Unfortunately, conventional systems fail to bridge the gap between intellectual property applications. They fail to explore the potential uses of the information that may be collected and integrated. Moreover, none of these conventional systems permit the customer to perform its own planning, exploration of information, and/or re-use of information, according to the parameters that the customer defines as important. Thus, using conventional systems, it is not possible to integrate the various types of information relating to intellectual property. There remains a need in intellectual property, corporate management, accounting, etc. for such a system.
SUMMARY OF THE INVENTION
The present invention alleviates the deficiencies of conventional techniques and systems described above. It provides for an integrated suite of applications that are designed to better meet the IP professional's needs, preferably, in every category and which uses technology to provide software and services to an IP customer in an efficient manner. According to certain aspects of the present invention, there are provided a host of IP-related functions, optionally through the use of an application service provider (“ASP”) platform. Further in accordance with other aspects of the present invention, there may be provided an integrated IP management engine, which integrates data, and applications software as well as on-going services for the user. Accordingly, there may be provided in accordance with one or more embodiments of the present invention an integrated system or method that seamlessly provides data from one type of IP work to another. The concepts of the present invention are not limited to patents, but may also be used in connection with other types of IP, as broadly defined, such as trademarks, copyrights, mark works, licensing activity, trade secrets, sui generis protection, etc. For example, according to at least some embodiments, the present invention may associate patents with licensing activity, copyright applications with analysis or patent activity with foreign filing, licensing, docketing, annuities, and/or prosecution.
The invention provides a method, system, and computer program device for providing and/or accessing information relating to intellectual property, in an integrated manner, across one or more intellectual property applications having various types of intellectual property data, including at least two intellectual property applications having at least partially different types of intellectual property. The invention provides for accessing intellectual property data in a first of at least two intellectual property applications. Further, invention provides for determining at least one commonality applied by the at least two intellectual property applications for data representative of an intellectual property characteristic, in accessing the intellectual property information, wherein the commonality corresponds to at least one type of data in the at least two intellectual property applications. Further, the invention provides for accessing information regarding the data representative of an other intellectual property characteristic in a second of the two intellectual property applications, responsive to the determined commonality.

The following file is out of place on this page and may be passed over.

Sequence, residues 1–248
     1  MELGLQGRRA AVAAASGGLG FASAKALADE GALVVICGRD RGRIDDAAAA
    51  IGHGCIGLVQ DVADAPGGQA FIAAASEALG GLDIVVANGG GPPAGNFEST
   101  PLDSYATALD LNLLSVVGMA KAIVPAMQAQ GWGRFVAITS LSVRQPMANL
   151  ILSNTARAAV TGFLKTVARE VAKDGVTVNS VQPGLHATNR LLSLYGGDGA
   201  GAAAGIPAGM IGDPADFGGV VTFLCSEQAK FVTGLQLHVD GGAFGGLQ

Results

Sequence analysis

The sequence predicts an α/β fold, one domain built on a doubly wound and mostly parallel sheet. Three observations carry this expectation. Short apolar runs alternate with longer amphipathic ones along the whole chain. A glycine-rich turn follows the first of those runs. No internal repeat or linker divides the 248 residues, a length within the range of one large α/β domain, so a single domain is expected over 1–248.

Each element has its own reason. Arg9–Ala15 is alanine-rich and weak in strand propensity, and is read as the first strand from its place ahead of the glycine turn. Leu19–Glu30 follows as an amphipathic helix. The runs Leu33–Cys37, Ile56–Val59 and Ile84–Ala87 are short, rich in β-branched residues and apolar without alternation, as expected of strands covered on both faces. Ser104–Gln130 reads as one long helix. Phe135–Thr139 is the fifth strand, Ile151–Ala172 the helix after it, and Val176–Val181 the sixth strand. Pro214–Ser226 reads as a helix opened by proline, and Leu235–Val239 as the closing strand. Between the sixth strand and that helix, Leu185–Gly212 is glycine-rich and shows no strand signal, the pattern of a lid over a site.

According to one or more embodiments of the present invention, the commonality comprises data representative of information that is not present in at least one of the intellectual property applications.
According to one or more embodiments of the present invention, the intellectual property may be one or more of: trademark, patent, copyright, trade secret, sui generis protection, and licensing.
In accordance with one or more embodiments of the present invention, the intellectual property application(s) may be one or more of: analysis, foreign filing, licensing, docketing, annuities, prosecutor, filing, and organizer.
In accordance with one or more embodiments of the present invention, there is further provided for collecting of intellectual property related information representative of at least one characteristic of at least one of the intellectual properties utilized by the user.
Further, according to one or more embodiments of the present invention, there is further provided for generating the information for the user responsive to the presence, the information relating to the user and the commonality.
According to one or more embodiments of the present invention, there is further provided for interfacing, via the at least one commonality, with an enterprise resource planning application.
Also, according to one or more embodiments of the present invention, there is provided an engine, wherein the user interfaces with at least one of the intellectual property applications via the engine, and the engine accesses the at least two intellectual property applications utilizing the determined commonality.
There is further provided, in accordance with one or more embodiments of the present invention, adding at least one additional intellectual property application, and determining at least a second commonality between the additional intellectual property application and one of the at least two intellectual property applications.